Rescuers of Jews

Grigalaitytė-Dalungauskienė Bronė

Bronė GRIGALAITIENĖ Pranas GRIGALAITIS The Funkai were artists, they worked in amber. They fanatically believed in God and therefore would not even consider escape from the Daugėliai ghetto. When asked how to escape, Grigalaitis would answer that he would leave a bicycle and those willing could go to the nearest village. There were only three or four who did. Later Grigalaitis would cycle back. A day arrived when the Jews were put in trucks. Children were separated from their parents. Amidst total confusion, Funkas caught a moment and whispered to Grigalaitis that he had put his child in a manhole. Funkas had known Pranas as the latter acted as a go-between exchanging food for things the Jews had. The Jews were driven away. It was raining in the evening. The area was empty, and silence reigned everywhere. Pranas Grigalaitis found some six manholes. He knocked at each of them but there was no answer. He started opening all in turn and found the girl in one of them. The four-year-old child was waist-deep in mud and did not say a word. He brought the girl home, washed her. They called her Aldutė. The girl had dark hair and the Grigalaičiai were scared lest somebody should denounce them. One can rejoice at the fact that the people in Daugėliai were silent during the whole period of the German occupation. The Grigalaičiai were much more concerned about the Gestapo policemen who were stationed nearby. Grigalaitis gave them rivers of bootleg vodka to drink. The most dangerous, however, were the Ukrainians who aided the Germans and were notorious for their cruel nature. Fortunately, they enjoyed drinking, and later they were least of all interested in the child. Aldutė's parents survived. The information about their life after the war is very scarce, because for some time they lived abroad. They were not taken to a concentration camp. Physically stronger Jews were driven to forced labour. The husband was separated from his wife before leaving the Daugėliai ghetto. Exhausting work, hardships of the war took them to the West, and when the war ended they were in the American sector. Statistics show that only one Jew out of a hundred survived the war. Both Funkai survived. Exhausted, they had to undergo treatment for a couple of years but they stayed alive. It was in the American sector where they met. From their stories one can guess that they themselves found it hard to believe that they had survived. The hand of fate, really. Aldutė has also survived... in the home of the Grigalaičiai. Through the Red Cross the Funkai found out the address of the Grigalaičiai. It was a late afternoon, some time in 1947. Two elderly people appeared in the outskirts of the village and headed, half-running, towards the Grigalaičiai house in Guragiai. They saw their daughter, rushed at her, while the girl insisted she already had a mother, Bronė Grigalaitienė...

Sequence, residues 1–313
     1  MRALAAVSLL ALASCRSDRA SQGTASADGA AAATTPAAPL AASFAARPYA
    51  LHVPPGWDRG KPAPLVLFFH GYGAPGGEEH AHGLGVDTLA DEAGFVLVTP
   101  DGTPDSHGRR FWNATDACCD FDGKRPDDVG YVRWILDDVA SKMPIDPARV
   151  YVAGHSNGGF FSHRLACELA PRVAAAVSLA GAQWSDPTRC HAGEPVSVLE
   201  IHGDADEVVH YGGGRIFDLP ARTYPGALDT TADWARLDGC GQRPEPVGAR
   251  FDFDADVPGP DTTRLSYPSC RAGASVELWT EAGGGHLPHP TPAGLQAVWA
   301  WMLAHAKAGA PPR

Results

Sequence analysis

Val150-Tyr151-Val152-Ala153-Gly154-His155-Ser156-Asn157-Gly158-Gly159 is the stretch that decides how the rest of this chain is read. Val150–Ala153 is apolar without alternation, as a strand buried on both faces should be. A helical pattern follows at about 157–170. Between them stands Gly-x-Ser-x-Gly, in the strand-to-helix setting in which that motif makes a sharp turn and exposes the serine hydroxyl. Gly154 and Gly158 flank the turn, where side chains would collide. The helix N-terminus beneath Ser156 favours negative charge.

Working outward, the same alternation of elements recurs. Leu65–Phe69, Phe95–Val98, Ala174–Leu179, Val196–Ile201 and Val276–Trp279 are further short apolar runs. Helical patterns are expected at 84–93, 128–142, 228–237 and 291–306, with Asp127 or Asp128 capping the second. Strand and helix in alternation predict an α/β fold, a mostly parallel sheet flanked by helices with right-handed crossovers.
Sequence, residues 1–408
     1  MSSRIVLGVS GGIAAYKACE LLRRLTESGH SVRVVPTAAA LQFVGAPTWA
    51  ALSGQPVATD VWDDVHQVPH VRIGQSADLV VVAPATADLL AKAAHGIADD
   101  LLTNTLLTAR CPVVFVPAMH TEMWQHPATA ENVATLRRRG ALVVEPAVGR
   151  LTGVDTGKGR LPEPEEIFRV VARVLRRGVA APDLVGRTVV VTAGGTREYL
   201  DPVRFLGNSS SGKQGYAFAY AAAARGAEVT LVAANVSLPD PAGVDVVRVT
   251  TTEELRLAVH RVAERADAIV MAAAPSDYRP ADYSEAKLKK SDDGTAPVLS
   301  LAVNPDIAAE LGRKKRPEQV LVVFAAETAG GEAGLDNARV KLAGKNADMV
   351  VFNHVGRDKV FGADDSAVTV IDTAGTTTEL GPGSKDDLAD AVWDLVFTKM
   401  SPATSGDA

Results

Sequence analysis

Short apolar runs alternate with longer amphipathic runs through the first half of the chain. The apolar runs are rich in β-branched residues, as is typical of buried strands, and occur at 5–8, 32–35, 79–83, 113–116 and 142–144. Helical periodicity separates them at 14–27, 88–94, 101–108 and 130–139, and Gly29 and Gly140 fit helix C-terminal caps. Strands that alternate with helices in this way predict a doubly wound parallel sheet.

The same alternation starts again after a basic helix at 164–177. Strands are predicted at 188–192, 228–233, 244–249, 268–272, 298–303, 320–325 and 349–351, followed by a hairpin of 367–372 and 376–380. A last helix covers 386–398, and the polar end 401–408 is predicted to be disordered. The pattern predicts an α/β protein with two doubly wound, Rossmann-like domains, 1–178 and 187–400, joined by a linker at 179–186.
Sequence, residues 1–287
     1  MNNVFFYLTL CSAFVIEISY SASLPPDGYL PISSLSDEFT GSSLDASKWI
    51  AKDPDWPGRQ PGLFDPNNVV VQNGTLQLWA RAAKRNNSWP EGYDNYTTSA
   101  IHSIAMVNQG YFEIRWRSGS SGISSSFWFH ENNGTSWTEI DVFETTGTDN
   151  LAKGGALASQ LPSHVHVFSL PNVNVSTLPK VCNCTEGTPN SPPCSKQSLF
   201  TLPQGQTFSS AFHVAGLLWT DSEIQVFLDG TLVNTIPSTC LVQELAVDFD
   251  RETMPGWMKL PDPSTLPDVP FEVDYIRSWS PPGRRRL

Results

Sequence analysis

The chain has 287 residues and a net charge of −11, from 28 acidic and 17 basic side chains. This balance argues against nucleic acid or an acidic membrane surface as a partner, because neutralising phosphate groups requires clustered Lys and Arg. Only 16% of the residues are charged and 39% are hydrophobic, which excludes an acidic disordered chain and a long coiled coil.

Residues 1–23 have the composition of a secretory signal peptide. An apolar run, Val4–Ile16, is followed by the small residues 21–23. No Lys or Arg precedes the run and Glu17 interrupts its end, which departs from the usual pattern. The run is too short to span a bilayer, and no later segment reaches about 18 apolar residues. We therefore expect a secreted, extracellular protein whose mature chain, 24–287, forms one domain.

From Hands Bringing Life and Bread, Volume 1,
The Vilna Gaon State Jewish Museum. Vilnius, 1997
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